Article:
Dangerous Goods

Dangerous Goods

Dangerous goods (which are often known as hazardous materials or HAZMAT in the USA) may be pure chemicals, mixtures of substances, manufactured products or articles which can pose a risk to people, animals or the environment if not properly handled in use or in transport.

Many products that you come into contact with on a daily can be considered as hazardous to our health, especially if we come into contact with them too often or for too long.

The packaging of substances that have explosive, chemical, radioactive or biological properties plays an integral part in the transportation of such items as this prevents their unnecessary exposure to humans and other living organism’s, therefore jeopardising safety and potentially leaving employers in litigious situations in the event that an individual, organism or the environment may be harmed.

Due to the wide scope of some classes they are further sub-divided into divisions. Division 6.2 Infectious Substances is one such instance.

There are 3 packing groups defined in the Regulations namely:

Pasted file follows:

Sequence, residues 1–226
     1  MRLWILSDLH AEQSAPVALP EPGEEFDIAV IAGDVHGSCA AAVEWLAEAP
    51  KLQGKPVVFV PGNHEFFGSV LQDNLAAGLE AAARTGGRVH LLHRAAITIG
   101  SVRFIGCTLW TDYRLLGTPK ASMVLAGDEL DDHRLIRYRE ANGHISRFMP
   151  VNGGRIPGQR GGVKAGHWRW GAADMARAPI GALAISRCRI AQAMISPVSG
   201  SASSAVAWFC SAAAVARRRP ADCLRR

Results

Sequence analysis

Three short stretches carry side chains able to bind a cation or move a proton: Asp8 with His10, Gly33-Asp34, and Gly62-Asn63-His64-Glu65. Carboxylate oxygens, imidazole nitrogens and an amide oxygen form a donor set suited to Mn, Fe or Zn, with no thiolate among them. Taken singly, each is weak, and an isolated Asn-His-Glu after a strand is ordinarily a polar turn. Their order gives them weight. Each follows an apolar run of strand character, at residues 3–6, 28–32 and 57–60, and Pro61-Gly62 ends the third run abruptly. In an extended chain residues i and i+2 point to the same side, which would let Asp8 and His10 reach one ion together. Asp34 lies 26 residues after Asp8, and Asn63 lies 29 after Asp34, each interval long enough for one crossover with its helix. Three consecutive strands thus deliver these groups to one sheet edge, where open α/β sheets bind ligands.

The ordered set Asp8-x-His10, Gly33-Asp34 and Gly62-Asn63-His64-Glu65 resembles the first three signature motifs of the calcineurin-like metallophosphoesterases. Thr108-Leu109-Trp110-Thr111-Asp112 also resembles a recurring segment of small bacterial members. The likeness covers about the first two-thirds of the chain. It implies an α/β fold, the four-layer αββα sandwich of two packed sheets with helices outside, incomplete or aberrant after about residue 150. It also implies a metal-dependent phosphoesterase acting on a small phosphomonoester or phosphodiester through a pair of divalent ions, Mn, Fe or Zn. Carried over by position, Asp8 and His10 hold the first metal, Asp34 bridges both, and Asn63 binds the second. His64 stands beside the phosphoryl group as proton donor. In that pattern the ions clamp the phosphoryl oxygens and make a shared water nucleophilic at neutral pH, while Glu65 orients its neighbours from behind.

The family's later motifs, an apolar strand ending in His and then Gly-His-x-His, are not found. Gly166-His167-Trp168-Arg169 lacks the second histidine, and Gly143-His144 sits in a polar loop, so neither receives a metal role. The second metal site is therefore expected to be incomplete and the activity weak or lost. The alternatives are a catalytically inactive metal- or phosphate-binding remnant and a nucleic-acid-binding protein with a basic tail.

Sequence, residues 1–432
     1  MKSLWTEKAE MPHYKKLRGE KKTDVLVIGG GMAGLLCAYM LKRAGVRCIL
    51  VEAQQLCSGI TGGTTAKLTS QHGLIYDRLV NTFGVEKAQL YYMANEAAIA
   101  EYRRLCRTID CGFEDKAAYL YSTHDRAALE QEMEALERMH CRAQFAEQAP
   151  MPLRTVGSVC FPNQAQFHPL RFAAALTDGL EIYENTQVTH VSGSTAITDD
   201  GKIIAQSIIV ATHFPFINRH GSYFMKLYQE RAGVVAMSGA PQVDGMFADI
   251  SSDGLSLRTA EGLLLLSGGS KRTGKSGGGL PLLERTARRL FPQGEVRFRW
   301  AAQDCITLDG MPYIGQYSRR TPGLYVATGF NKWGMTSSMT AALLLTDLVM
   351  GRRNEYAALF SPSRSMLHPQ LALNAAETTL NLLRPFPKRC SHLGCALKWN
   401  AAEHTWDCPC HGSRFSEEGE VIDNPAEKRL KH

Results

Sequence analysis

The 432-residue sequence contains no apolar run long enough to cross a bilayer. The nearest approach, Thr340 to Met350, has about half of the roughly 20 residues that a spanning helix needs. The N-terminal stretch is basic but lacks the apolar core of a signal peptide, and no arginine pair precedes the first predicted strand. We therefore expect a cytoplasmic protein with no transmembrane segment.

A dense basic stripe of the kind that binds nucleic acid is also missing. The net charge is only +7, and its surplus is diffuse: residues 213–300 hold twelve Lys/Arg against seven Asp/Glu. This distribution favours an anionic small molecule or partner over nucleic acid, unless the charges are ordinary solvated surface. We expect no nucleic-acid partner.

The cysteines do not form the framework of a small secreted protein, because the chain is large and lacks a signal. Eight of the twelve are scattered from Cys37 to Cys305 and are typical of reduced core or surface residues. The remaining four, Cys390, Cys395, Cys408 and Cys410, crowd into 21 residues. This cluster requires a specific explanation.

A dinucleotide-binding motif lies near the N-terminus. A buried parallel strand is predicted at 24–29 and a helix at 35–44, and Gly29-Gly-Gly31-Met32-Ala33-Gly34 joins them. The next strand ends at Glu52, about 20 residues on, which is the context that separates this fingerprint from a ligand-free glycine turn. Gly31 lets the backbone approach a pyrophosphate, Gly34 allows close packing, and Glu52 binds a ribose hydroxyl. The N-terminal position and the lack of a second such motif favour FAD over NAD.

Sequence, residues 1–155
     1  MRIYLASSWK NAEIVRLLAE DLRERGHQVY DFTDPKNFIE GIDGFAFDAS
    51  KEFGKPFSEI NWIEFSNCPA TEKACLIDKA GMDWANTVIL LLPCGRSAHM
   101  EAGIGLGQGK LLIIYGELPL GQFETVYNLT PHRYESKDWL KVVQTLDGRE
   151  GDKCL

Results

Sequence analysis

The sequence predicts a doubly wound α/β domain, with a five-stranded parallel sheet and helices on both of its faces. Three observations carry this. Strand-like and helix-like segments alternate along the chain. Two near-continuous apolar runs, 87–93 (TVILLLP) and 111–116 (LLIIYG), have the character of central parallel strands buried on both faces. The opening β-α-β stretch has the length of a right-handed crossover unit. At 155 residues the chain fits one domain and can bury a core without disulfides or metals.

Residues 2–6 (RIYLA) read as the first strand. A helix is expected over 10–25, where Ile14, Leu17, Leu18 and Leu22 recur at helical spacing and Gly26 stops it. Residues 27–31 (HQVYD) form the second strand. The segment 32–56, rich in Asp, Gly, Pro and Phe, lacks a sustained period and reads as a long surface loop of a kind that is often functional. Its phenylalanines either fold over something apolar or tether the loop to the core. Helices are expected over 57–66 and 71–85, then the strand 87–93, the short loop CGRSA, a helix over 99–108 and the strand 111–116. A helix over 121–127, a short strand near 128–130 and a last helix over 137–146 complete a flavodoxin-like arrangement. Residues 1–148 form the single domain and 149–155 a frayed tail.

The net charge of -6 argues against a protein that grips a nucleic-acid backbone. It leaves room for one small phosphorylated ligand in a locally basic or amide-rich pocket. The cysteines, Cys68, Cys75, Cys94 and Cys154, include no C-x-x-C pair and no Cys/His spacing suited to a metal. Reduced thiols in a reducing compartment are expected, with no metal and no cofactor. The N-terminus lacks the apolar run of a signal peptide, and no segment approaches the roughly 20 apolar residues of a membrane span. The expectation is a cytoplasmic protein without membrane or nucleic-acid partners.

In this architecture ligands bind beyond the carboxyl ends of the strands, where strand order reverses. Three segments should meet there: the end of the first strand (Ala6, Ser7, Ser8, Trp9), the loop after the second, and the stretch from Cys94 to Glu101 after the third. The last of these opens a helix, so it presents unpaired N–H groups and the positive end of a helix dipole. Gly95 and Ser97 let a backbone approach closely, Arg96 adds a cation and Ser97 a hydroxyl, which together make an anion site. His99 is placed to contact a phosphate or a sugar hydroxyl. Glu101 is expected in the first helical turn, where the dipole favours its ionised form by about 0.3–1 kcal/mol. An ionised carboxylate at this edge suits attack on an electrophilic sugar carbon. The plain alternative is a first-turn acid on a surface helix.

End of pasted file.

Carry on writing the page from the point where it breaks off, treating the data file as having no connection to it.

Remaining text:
Packing Group I
High Danger

Packing Group II
Medium Danger

Packing Group III
Low Danger

How to Minimise the Risks of Transporting Dangerous Goods

It’s important to take steps to minimise risks when you are transporting goods and materials.
Key risks include goods damaged in transit, loss and theft, fire, explosion, chemical burns and other accidents. You should also consider environmental and other damage caused by spillages or leaks.

There are some useful steps you can take to protect your goods against common risks:

  • Ensure you use the most appropriate method of transportation for your goods.
  • Consider how best to protect large, heavy or unusual loads. The use of absorbent material and adequate filling to prevent vibration or damage to internal components is always recommended.
  • Consider whether you need goods-in-transit or marine insurance to protect goods being transported.
  • Always take appropriate security measures. For example, for high-value goods or goods of a particularly sensitive nature, you could consider limiting the way in which information is shared about the nature of the consignment and its content.
  • Make sure suitable packaging, labelling and containers are used. It’s common for goods to be damaged in transit and good protection and effective packaging will help reduce this risk.
  • Ensure that when necessary, suitable warning signs are used on packages and vehicles – for example, to indicate a hazardous load that is over the threshold and is subject to the European ADR legislation.


You should also remember that employees’ health and safety could be at risk when loading and unloading goods, and it is therefore as equally important that as an employer, you are acknowledging the basic rules and requirements that govern such activities, as it may not always be the case that the person(s) performing this duty are aware of the potentially dangerous position they may be in.